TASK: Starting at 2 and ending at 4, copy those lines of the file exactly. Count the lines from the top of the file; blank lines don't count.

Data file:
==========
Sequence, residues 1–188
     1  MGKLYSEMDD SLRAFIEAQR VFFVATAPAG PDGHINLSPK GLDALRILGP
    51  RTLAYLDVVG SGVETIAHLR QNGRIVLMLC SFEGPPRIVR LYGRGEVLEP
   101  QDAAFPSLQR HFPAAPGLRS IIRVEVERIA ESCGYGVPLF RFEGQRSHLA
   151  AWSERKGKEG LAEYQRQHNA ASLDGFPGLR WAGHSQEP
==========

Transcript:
     1  MGKLYSEMDD SLRAFIEAQR VFFVATAPAG PDGHINLSPK GLDALRILGP
    51  RTLAYLDVVG SGVETIAHLR QNGRIVLMLC SFEGPPRIVR LYGRGEVLEP
   101  QDAAFPSLQR HFPAAPGLRS IIRVEVERIA ESCGYGVPLF RFEGQRSHLA